US3510566A - Foot operated walking string bass plucked by toe and tuned by heel - Google Patents

Foot operated walking string bass plucked by toe and tuned by heel Download PDF

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US3510566A
US3510566A US504794A US3510566DA US3510566A US 3510566 A US3510566 A US 3510566A US 504794 A US504794 A US 504794A US 3510566D A US3510566D A US 3510566DA US 3510566 A US3510566 A US 3510566A
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string
frog
channel
pedal
heel
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Clyde J Mckenzie
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CLYDE J MCKENZIE
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CLYDE J MCKENZIE
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    • GPHYSICS
    • G10MUSICAL INSTRUMENTS; ACOUSTICS
    • G10HELECTROPHONIC MUSICAL INSTRUMENTS
    • G10H3/00Instruments in which the tones are generated by electromechanical means
    • G10H3/12Instruments in which the tones are generated by electromechanical means using mechanical resonant generators, e.g. strings or percussive instruments, the tones of which are picked up by electromechanical transducers, the electrical signals being further manipulated or amplified and subsequently converted to sound by a loudspeaker or equivalent instrument
    • G10H3/14Instruments in which the tones are generated by electromechanical means using mechanical resonant generators, e.g. strings or percussive instruments, the tones of which are picked up by electromechanical transducers, the electrical signals being further manipulated or amplified and subsequently converted to sound by a loudspeaker or equivalent instrument using mechanically actuated vibrators with pick-up means
    • G10H3/18Instruments in which the tones are generated by electromechanical means using mechanical resonant generators, e.g. strings or percussive instruments, the tones of which are picked up by electromechanical transducers, the electrical signals being further manipulated or amplified and subsequently converted to sound by a loudspeaker or equivalent instrument using mechanically actuated vibrators with pick-up means using a string, e.g. electric guitar

Description

May 5, 1976 c. .5. MCKENZIE 3,010,566
FOOT OPERATED WALKING STRING BASS PLUCKED BY TOE AND TUNED BY HEEL Filed oct. 24, 1965 C/yde J. McKenzie,
7 INyEN'TOR.-
/F//GURE 55 ATTORNE Y.
United States Patent Otltice 3,510,566 Patented May 5, 1970 3,510,566 FOOT OPERATED WALKING STRING BASS PLUCKED BY TOE AND TUNED BY HEEL Clyde J. McKenzie, 2818 E. Hoffman, Spokane, Wash. 99207 Filed Oct. 24, 1965, Ser. No. 504,794 Int. Cl. 610e 3/14; G10d 1/02, 3/14 U.S. Cl. 84-L16 S Claims ABSTRACT OF THE DISCLOSURE A foot operated string'instrument providing a taut string which may be vibrated by an agitator pedal operated by the forefoot and varied in tension, to vary tone, by a notation pedal operated by the heel of the same foot to provide a musical instrument that simulates the sound of a bass violin with an electro-magnetic pickup device associated with the string to provide an electrical signal -(responsive to string tone) that may be amplied by traditional methods for audio display. The vibrating string is carried between a movable frog, mechanically linked to the agitator pedal, and a floating bridge mechanically moved by the notation pedal.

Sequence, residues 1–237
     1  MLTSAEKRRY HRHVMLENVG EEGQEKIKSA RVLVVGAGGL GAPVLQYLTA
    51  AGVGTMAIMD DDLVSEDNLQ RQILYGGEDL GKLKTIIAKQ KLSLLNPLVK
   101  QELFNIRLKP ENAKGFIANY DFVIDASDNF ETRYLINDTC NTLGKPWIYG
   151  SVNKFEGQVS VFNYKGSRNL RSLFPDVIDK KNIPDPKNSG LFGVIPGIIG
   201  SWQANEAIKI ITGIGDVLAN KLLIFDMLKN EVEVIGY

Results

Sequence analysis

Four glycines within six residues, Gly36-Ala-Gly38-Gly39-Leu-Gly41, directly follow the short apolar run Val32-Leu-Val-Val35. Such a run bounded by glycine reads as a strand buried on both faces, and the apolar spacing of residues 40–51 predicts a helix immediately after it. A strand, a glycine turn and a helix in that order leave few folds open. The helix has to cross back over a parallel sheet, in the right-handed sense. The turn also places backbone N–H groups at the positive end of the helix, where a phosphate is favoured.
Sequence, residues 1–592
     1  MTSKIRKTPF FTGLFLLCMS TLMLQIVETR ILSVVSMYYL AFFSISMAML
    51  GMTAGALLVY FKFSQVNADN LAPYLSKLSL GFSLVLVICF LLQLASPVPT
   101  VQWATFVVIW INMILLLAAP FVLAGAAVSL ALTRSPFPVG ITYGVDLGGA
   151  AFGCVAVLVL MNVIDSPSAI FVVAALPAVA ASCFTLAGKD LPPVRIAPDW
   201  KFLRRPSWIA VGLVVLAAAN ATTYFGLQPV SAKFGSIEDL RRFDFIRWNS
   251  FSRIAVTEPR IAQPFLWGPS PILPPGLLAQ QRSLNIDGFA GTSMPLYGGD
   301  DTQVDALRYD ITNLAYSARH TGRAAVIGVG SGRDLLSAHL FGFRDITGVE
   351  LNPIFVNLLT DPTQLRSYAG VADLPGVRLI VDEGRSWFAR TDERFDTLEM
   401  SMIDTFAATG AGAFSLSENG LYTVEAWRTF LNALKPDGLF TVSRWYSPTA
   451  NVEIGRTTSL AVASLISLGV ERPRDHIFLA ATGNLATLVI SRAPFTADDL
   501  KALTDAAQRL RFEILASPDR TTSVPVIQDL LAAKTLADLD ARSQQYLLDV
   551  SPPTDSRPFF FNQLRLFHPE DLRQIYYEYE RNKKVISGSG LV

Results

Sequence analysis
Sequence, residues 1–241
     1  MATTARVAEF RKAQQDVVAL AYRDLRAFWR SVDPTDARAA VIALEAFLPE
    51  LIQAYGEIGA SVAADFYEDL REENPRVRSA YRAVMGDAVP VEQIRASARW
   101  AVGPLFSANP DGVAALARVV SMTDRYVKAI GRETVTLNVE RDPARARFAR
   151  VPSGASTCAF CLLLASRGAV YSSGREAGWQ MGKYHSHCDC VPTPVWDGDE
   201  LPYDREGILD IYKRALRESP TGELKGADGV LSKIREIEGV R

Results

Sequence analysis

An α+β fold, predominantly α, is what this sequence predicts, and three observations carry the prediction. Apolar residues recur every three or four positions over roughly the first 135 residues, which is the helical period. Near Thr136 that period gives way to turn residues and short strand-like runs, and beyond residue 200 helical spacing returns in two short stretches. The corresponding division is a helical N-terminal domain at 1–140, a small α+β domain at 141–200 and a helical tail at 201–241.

This invention relates generally to a foot operated string bass instrument and more particularly to such a device that simulates the audio output of a bass violin but yet may -be operated by one foot of a musician.
Heretofore the bass violin has become a popular rhythm instrument, especially in small combination dance bands. The operation of the instrument is relatively simple but the type of instrument in common use generally has required the full time services of a musician for its operation. The instant invention seeks to provide a musical instrument that simulates the sound of the plucked bass violin but yet may be operated by only one foot of a musician while his hands might be otherwise engaged, as in playing some other lead instrument. ln so doing, it is:
A principal object of my invention to provide a foot operated musical instrument that simulates the sound and tonal qualities of a bass violin, particularly the sound of the plucked instrument. c
A further object of my invention to provide an instrument of the nature aforesaid that may be set into vibration as desired by the foot and may be changed as to frequency of vibration by appropriate manipulation of the same foot.
A still further object of my invention to provide an instrument of the nature aforesaid that operates through an ordinary magnetic pickup system commonly used with electric guitars and presents its sound through a normal amplifying system used with such instruments.
A still further object of my invention to provide an instrument of simple and practical construction, of efficient and reliable use, of neat and attractive appearance, of relatively inexpensive manufacture, and otherwise well adapted to the purposes for which it is intended.